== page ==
A Kindle Fire Amazon-Lovers Can Love: Rich Jaroslovsky

I wasn’t a big fan of the original Kindle Fire, the bargain-priced seven-inch color tablet Amazon.com (AMZN) introduced late last year. It was sluggish and cumbersome, redeemed mostly by its easy access to the world of Amazon content.

The new Kindle Fire HD, which arrives Friday, is better across the board. It’s thinner, lighter and faster, adds Bluetooth and a front-facing camera (though still no GPS) and has a much better screen. Plus, it introduces some neat new software tricks.

Above all, the device maintains its predecessor’s rock- bottom price tag: $199 for the base model, which comes with 16 gigabytes of storage and requires a Wi-Fi connection. An updated version of the previous Fire is now $159, while Amazon is promising another version of the HD, with a bigger screen aimed at taking on Apple’s iPad, for late November.

I’ve been using the seven-inch model for several days, and, despite finding a few shortcomings, I generally like it a lot, at least as long as I’m consuming videos, books and music acquired from Amazon.

The Fire HD is somewhat stubbier and, at 13.9 ounces, about two ounces heavier than its main competition among small tablets, Google (GOOG)’s Nexus 7. On the other hand, the Google tablet comes with only eight gigabytes of storage, and its Google Play store can’t match Amazon’s selection of books and videos.

Invisible Android

Like the Nexus 7, the Fire HD runs a version of Google’s Android operating system -- in this case, the year-old “Ice Cream Sandwich” release -- but you wouldn’t know it.

In place of the Android look and feel, Amazon has installed its own interface, featuring a scrolling carousel for displaying content resident on the device or available for download-on- demand from the Amazon Cloud. You can also pin favorite apps to the carousel.

The software has also been tweaked to take specific advantage of Amazon content. The X-Ray feature, for example, lets you summon cast, crew and other information from the Amazon-owned IMDb while you’re watching a movie.

And if you buy certain e-books, for a few dollars more you can also buy an audio version from its Audible.com operation that will know where you are in your reading and sync up automatically. That way, you can flip back and forth, depending on whether you want to read or listen.

Seamless Switching

I tested the feature with one of the titles Amazon suggested -- Chester Himes’s “A Rage in Harlem” -- and was able to move seamlessly between the two versions, as well as have Samuel L. Jackson read along with me. Amazon is offering the feature with about 15,000 titles at launch, but says the number will grow. It’s a terrific idea, and one that’s made possible because you’re being kept entirely inside the Amazon ecosystem.

But being locked in has downsides, too. Have an extensive collection of music from Apple’s iTunes store? Getting it onto the Fire is an involved process, and some songs won’t even make it. Want a big selection of third-party apps? The Fire doesn’t have access to the Google Play store for Android apps.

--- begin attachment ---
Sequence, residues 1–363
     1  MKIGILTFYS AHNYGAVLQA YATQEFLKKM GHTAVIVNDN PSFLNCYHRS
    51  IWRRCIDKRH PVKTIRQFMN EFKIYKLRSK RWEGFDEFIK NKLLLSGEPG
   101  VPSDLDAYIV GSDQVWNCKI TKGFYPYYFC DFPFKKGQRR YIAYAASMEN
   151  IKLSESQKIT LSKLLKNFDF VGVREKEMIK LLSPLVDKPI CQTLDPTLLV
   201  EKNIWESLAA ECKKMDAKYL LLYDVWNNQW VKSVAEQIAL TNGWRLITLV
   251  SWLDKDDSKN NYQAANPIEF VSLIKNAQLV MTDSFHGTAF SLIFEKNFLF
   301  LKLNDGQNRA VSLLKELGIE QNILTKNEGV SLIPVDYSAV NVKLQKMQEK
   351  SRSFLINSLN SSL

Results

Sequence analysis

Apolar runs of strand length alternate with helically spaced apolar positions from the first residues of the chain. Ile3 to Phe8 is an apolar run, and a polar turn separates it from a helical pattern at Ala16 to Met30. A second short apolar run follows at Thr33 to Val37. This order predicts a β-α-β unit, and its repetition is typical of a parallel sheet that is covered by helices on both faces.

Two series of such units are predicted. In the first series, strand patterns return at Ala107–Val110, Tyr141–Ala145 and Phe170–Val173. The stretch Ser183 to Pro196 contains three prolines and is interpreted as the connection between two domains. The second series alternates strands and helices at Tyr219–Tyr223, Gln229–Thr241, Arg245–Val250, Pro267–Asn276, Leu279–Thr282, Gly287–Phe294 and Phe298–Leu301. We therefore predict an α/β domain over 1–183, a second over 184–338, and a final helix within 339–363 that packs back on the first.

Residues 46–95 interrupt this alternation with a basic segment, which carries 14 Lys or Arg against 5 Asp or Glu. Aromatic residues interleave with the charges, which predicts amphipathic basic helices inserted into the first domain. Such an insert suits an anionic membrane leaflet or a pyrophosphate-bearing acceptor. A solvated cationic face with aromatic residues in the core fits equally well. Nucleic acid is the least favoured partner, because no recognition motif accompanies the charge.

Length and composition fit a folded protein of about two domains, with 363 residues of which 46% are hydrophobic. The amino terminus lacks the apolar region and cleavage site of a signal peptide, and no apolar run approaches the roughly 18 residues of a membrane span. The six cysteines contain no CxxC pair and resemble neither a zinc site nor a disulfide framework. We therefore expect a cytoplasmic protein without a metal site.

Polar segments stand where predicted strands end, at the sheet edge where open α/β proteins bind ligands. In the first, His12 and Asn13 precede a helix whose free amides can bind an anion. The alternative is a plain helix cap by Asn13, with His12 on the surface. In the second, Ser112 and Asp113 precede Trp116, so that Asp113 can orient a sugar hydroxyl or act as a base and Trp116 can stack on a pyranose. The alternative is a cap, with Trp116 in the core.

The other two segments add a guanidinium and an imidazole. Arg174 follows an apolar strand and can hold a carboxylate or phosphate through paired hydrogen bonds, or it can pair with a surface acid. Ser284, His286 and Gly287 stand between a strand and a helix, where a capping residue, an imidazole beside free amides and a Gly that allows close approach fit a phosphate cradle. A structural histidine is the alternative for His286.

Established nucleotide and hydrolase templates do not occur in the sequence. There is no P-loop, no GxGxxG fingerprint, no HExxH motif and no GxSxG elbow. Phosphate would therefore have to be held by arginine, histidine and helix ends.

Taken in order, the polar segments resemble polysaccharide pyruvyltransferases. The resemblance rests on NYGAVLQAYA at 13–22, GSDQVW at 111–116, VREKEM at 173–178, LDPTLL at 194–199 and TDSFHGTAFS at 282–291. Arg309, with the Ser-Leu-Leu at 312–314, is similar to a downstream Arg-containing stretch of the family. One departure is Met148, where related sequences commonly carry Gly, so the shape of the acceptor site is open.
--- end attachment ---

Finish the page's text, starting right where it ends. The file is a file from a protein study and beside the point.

There are Kindle-specific versions of some major apps -- Facebook (FB), Skype, Netflix (NFLX), Angry Birds -- but this is a much more closed environment than even the iPad. Embracing the Fire HD means lashing yourself to Amazon for pretty much everything you do.

Better Battery

As with any device, battery life depends on how you use it. Still, I found the battery much improved over last year’s Kindle Fire. I was able to get more than a full day’s use, which included leaving the wireless on at all times, watching videos, and downloading books and music from Amazon.

In general, the Fire HD feels considerably more responsive than last year’s model, but some things remain balky.

There’s still a noticeable lag when you touch some icons. It’s also slower than either the Nexus 7 or the iPad to reorient the screen when you turn it. And the Audible app sometimes thought it didn’t have an Internet connection when it did.

I couldn’t see the benefits of Amazon’s claimed enhancements to the Fire’s Wi-Fi capabilities and Silk web browser. In head-to-head tests on different networks, the iPad was consistently faster at displaying Web pages.

Then there are the ads. Amazon pioneered the idea of what it euphemistically calls “special offers” on its monochrome Kindle e-readers, giving buyers a choice between a more- expensive ad-free version and a less-expensive one with ads.

The Fire HD comes in just one version, with ads that appear on the lock screen whenever you wake up the tablet. I found them tolerable, but some people will be offended at the notion of paying $200 to be advertised to. Amazon says it will offer a way for buyers to opt out of the ads for an extra $15.

The Fire still has a long way to go to match the iPad’s smoothness and vast collection of apps, and the competition is about to get tougher if the reports are right that Apple is on the verge of announcing its own seven-inch tablet.

Still, for $199, those willing to commit all-in to the Amazon universe are likely to find themselves well-rewarded.

(Rich Jaroslovsky is a Bloomberg News columnist. The opinions expressed are his own.)

Muse highlights include Ryan Sutton on dining and Katya Kazakina on art.

To contact the reporter on this story: Rich Jaroslovsky in San Francisco at rjaroslovsky@bloomberg.net.

To contact the editor responsible for this story: Manuela Hoelterhoff at mhoelterhoff@bloomberg.net.

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